Need someone to help your team make some decisions...then actually move forward together? Click to get in touch about your next meeting or event that could use a touch of graphic recording magic.

Where in the World is ConverSketch?

I'm proud to announce a new explainer video is out in the world thanks to the new One Health Institute at Colorado State University! Click the image above to learn how CSU's Dr. John Spencer is partnering with researchers and practitioners in Brazil to work toward ending leprosy!

Here's Why I've Been So Quiet Lately

With a warm heart…hello!

July and August have been packed with adventures spanning opposite ends of the spectrum… Starting and ending with two incredibly detailed explainer videos to be prepped and filmed in half the time it normally takes. I’m super stoked to share these videos because I experimented with new techniques and styles. They are scheduled to come out early in September, and you all will be the first to know when they are fresh and viewable!

In the midst of the video-making came a trip to attend the annual IFVP conference (aka the gathering of My People).  In my next newsletter I’ll be sharing my top insights from the meeting of the thought leaders and innovators I was lucky enough to draw, learn, and laugh with for three days.

After returning with a full mind and heart and nailing the second explainer video, gears shifted entirely when we packed up and trucked off to Idaho to raft the Middle-Main Salmon River for 11 days. Yep, that meant no cell service. No internet. We didn’t even have a satellite phone. Just the music of the river, the canyon wrens, our friends’ guitar and fiddle, someone calling “fish on!” and a few hot springs bubbling up along the way. Seriously.

It always amazes me how easy it is to fall back into the rhythms of our most basic needs: food, shelter, staying safe. And, more deeply, the need to connect genuinely with the earth, with ourselves, and with those around us. While it may feel counterintuitive or stressful to completely unplug, especially as a business owner, each of us that DO can immediately feel the power of giving ourselves this time to be present, disconnect and make room for some white space. That time to let ideas mull in the background and bubble up to the top of your very own mental hot spring can give rise to some of our most important and powerful ideas.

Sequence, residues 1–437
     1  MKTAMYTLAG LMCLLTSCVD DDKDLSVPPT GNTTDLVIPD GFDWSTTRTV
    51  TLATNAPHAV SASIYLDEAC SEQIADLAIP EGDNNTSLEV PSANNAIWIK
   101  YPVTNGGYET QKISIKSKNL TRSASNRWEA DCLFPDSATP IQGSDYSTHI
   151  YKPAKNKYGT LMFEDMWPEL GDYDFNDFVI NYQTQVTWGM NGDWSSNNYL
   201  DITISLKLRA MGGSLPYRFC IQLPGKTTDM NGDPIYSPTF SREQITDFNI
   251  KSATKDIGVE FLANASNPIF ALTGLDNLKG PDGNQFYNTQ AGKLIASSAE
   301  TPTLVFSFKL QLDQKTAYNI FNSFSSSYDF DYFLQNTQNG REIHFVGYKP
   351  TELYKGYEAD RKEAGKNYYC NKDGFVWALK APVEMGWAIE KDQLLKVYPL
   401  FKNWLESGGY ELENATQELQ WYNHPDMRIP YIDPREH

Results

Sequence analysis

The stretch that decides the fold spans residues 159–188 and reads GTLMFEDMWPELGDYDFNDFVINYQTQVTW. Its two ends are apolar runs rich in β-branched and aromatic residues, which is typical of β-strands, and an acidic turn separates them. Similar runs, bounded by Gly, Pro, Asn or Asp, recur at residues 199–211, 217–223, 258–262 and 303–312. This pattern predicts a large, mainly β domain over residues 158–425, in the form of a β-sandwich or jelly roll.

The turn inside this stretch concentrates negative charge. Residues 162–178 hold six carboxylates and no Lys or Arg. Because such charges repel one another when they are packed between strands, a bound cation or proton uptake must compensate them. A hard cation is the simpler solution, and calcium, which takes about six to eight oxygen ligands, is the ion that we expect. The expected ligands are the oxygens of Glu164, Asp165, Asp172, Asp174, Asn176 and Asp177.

I always bring my paints on river trips and this time I was more intentional about making time to draw. Trust me, between rowing, unpacking the boat and happy hour, it takes discipline to get the paints out! Here are a couple of my favorite plein air sketches for you to get a sneak peek this week before I go posting them on Instagram. If you haven’t already, follow me there @ConverSketch for more behind-the-scenes graphic recording and watercolor shenanigans.

Adieu for now. It’s good to be back.

Click on the images below to see the larger versions on the blog.

I'm on a boat! Here I am in my plein air river studio -- the 12 foot raft I got to row down the Middle-Main Salmon. Lots of gratitude to my amazing husband for outfitting me with the sexy boat + setup for this trip!

A post-trip shot of a two page spread of our camp where Indian Creek (on the right) joins the Middle Fork of the Salmon (on the left).

If you liked this, please sign up for my emails and if you'd like, I'd be so grateful if you shared it with your friends!

Once again, thank you from my heart and soul for your support, great senses of humor, brilliant minds, collaboration and what you're each doing to make the world a better place.

 
Cheers, Karina




Need someone to be the balance between focused and creative for your next event? Click to get in touch about your next meeting or event that could use a touch of graphic facilitation magic.

Change Happens. How To Foster A Team That Not Only Survives, But Thrives.

The word “resilience” is popular right now. We’ve worn out “sustainability” and we want to build a business culture that helps our organization stay on the cutting edge. But how many of us think about what resilience really means? Here’s a definition for you:

Resilience: the capacity of a system to absorb disturbance and re-organize while undergoing change so as to still retain essentially the same function, structure, identity, and feedbacks.
 
So, a resilient team can deal with the inevitable and ever-more-frequent changes we experience in life, and get back on track. But is simply getting back to where you were before what you want? Does this sound like an organization that is cutting edge? Isn’t there something more?!